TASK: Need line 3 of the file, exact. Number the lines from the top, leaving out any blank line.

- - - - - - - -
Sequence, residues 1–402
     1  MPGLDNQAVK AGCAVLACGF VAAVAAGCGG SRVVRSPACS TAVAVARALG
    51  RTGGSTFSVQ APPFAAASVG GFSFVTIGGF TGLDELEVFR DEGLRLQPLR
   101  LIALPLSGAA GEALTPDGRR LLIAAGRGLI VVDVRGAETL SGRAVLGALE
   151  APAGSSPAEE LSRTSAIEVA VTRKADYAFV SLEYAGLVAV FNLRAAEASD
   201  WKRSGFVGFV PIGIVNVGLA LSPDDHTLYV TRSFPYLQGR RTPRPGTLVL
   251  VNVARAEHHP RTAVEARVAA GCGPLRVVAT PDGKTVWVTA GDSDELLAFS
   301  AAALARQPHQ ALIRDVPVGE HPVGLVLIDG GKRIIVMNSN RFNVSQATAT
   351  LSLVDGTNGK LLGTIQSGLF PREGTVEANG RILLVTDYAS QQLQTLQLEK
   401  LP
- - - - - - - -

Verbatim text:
    51  RTGGSTFSVQ APPFAAASVG GFSFVTIGGF TGLDELEVFR DEGLRLQPLR